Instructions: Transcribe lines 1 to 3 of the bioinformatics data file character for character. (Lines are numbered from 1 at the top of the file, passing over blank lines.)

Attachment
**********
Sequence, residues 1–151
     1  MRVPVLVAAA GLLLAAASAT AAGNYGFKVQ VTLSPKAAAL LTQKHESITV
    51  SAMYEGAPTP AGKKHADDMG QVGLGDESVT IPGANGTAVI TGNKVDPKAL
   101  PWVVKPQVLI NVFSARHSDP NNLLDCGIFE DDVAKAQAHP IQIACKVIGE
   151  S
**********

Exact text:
Sequence, residues 1–151
     1  MRVPVLVAAA GLLLAAASAT AAGNYGFKVQ VTLSPKAAAL LTQKHESITV
    51  SAMYEGAPTP AGKKHADDMG QVGLGDESVT IPGANGTAVI TGNKVDPKAL